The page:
14. ^ "A Professor Dresses Up Zoology". LIFE. Time Inc: 62–63. 23 July 1971. ISSN 0024-3019. 
  15. ^ "Personalien: Richard Eakin". Der Spiegel (in German). June 14, 1971. 
  16. ^ a b Eakin, Richard M. (1982). Great Scientists Speak Again (2nd ed.). Berkeley, Calif.: University of California Press. pp. 1–3. ISBN 0520047680. 
  17. ^ Wake, Marvalee H. "Richard M. Eakin—Great Scientists Speak Again". SICB Digital Library. Society of Integrative and Comparative Biology. Retrieved 6 November 2015.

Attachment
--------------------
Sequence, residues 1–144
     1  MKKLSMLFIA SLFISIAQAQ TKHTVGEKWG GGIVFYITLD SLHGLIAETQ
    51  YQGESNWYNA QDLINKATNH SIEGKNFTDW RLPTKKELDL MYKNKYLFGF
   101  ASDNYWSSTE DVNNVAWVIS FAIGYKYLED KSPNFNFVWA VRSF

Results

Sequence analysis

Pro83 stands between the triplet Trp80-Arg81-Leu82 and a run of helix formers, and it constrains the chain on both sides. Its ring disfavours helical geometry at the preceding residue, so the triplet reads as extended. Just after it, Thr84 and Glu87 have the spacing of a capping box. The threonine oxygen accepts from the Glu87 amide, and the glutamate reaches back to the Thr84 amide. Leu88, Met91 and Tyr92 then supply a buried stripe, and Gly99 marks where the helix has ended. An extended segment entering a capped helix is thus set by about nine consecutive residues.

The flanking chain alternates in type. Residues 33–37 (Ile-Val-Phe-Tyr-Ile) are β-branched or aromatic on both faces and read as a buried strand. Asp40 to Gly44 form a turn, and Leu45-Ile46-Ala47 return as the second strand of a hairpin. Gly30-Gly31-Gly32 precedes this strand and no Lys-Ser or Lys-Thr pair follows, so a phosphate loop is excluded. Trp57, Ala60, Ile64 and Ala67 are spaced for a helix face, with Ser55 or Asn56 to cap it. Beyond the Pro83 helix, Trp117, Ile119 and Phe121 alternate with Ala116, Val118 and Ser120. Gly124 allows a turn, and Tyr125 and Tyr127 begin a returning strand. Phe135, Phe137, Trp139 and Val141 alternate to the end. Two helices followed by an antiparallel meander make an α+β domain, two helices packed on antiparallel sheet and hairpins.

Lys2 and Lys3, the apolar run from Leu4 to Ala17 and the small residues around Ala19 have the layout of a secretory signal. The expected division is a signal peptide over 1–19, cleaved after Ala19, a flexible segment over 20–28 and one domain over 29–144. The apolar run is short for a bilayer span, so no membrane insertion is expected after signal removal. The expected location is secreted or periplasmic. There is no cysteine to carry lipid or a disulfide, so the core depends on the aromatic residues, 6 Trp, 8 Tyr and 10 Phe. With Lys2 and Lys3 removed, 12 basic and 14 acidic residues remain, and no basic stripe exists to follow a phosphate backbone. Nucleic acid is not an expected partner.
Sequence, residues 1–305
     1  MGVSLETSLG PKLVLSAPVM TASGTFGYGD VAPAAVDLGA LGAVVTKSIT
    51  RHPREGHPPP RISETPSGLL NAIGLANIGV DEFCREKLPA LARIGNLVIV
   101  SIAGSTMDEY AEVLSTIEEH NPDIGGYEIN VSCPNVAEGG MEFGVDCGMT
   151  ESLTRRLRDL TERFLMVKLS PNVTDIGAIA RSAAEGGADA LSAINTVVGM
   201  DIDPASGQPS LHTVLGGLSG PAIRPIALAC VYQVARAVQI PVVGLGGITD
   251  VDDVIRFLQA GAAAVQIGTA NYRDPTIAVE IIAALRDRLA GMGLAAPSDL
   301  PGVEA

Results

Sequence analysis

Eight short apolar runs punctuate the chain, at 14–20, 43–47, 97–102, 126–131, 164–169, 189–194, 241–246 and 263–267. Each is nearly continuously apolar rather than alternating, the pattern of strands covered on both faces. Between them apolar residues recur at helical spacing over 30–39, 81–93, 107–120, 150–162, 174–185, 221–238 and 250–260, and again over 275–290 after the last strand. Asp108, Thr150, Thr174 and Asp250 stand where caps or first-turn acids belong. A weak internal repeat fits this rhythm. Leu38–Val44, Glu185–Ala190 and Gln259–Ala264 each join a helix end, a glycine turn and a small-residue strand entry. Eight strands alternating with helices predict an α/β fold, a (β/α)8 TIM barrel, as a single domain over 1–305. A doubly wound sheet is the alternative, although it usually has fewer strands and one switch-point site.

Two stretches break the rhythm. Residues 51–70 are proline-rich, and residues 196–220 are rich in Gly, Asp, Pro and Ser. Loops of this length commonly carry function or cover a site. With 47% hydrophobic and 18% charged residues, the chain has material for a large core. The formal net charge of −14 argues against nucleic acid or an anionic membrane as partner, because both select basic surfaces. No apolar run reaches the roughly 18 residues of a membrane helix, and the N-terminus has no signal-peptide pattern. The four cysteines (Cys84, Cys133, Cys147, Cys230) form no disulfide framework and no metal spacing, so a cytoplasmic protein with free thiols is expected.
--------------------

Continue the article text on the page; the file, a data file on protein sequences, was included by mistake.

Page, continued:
18. ^ Sanders, Robert (December 1, 1999). "Richard M. Eakin, a zoology professor who enthralled UC Berkeley students with costumed lectures, is dead at 89". U.C. Berkeley. Retrieved 25 June 2015. 
  19. ^ Wheat, Jack (October 29, 1981). "Science, faith division is stressed". The Tuscaloosa News. p. 5.